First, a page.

A successful backup system must be secure and easy to access, with data recovery in mind. On-premises NAS solutions tend to be more accessible and easier to configure, but it may be impossible to access on-premises NAS backups in the event of a physical disaster. In such cases, cloud solutions offer the advantage of immediate availability.
Control and Ownership
On-premises NAS typically provides more control, because all data is stored on site. Cloud-based NAS backup provides flexible access, with less control over storage systems. Cloud providers usually guarantee data access and ownership, but it is important to fully review any contract to clarify ownership issues.
On-premises NAS systems generally come with control and ownership guarantees, but existing backups may be unusable or require conversion following version upgrades. This type of issue usually does not exist in cloud-based NAS systems, which handle upgrades transparently.
3 Methods of Backing Up NAS to the Cloud
NAS devices run a proprietary operating system optimized for storage and do not support normal backup software agents. The following NAS backup strategies involve various combinations of off-site and on-site deployment—under the assumption that most organizations will retain on-premises NAS backups in parallel to a cloud NAS service, due to the high data volumes stored in most NAS devices and the need for a low-latency local backup option.
In all these methods, the local NAS device functions as a cache that stores local data while it is being transferred to the remote backup service. This provides high performance while enjoying the reliability of cloud-based backup.
1. Directly Integrating NAS with Cloud Backup
In this strategy, the on-premises NAS integrates with a cloud-based backup system and sends data there.
Directly integrating NAS with cloud backup services lets you automatically transfer all backups to the cloud.
In many cases, integration is achieved via the Network Data Management Protocol (NDMP). This is a specialized protocol devised for NAS device backups and best suited to file data transfers. In the context of cloud backups, NDMP can be used to back up NAS data to any NDMP-compatible cloud data service.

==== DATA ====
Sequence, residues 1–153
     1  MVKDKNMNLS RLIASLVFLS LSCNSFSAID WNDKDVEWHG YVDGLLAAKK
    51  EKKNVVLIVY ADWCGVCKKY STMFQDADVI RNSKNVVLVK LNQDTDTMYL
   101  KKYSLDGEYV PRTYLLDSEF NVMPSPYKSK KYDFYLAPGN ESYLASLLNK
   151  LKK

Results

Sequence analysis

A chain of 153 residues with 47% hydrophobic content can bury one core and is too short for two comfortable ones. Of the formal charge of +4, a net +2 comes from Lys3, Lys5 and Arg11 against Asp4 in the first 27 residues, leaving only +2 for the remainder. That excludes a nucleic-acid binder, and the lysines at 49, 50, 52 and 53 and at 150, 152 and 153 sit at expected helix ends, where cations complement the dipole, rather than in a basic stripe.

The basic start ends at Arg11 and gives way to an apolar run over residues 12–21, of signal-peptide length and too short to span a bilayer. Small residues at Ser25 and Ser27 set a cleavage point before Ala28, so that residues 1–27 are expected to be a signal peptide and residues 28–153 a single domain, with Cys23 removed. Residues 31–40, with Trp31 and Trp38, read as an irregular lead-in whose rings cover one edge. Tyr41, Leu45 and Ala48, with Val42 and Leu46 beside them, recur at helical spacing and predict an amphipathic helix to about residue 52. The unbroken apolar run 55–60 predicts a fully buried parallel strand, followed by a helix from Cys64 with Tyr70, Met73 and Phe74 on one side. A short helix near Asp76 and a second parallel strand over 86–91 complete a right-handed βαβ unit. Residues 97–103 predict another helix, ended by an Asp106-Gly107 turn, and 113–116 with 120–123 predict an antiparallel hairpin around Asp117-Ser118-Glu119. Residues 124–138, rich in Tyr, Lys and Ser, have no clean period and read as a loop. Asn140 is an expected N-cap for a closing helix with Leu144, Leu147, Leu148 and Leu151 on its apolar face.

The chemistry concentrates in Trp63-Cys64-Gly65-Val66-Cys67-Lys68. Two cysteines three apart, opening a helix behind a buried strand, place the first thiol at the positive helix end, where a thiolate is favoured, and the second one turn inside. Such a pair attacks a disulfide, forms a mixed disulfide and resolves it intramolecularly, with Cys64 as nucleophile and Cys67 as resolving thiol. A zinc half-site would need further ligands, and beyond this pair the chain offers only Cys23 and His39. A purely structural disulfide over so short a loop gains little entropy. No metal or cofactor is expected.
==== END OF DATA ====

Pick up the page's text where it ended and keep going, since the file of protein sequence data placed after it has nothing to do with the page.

NDMP enables NAS devices to directly send data across the network to a cloud-based backup server without requiring intervention from a local client or agent. The backup server can communicate directly with NAS appliances to indicate which data from the storage device can be sent for backup.
2. Replicating Data to Cloud-Based NAS
In this strategy, the on-premises NAS replicates data across a WAN to another NAS, deployed in a cloud data center. This is unlike the direct integration scenario above, in which there is only one NAS interacting directly with a cloud backup service.
A duplicate of the data on the local NAS device is created and stored on the cloud-based device. Vendors offer combinations of remote and local replication to improve performance.
3. Network-Based Backup
The traditional network-based backup strategy involves installing backup agents on every server that accesses NAS storage. Backup data is sent to an on-site home server through the LAN, and the home backup server transfers backups to the cloud over a WAN.
This client-server backup strategy has the disadvantage of increasing network traffic. This is because data has to travel across the network from the NAS device to the client and then to the home backup server. Another issue is that if the NAS file server is shared by multiple systems, each system can create its own copy of backup files, bloating backup storage.
NAS Backup with NetApp Cloud Backup
NetApp understands ONTAP better than anyone else, which is why the best backup solution for ONTAP systems is NetApp Cloud Backup. Designed by NetApp specifically for ONTAP, Cloud Backup automatically creates block-level incremental forever backups. These copies are stored in object format and preserve all ONTAP’s storage efficiencies. Your backups are 100X faster to create, easy to restore, and much more reliable than with any other solution.
Cloud Backup simplifies the entire back up process. It’s intuitive, quick to deploy, and managed from the same console as the rest of the NetApp cloud ecosystem. Whether you’re looking for a less expensive way to store your backups, a faster, more capable technology than NDMP, or an easy way to enable a 3-2-1 strategy, Cloud Backup offers the best backup solution for ONTAP.
Learn more about the NetApp Cloud Backup capabilities here, and find out more in our Cloud Backup Service Customers’ Case Studies.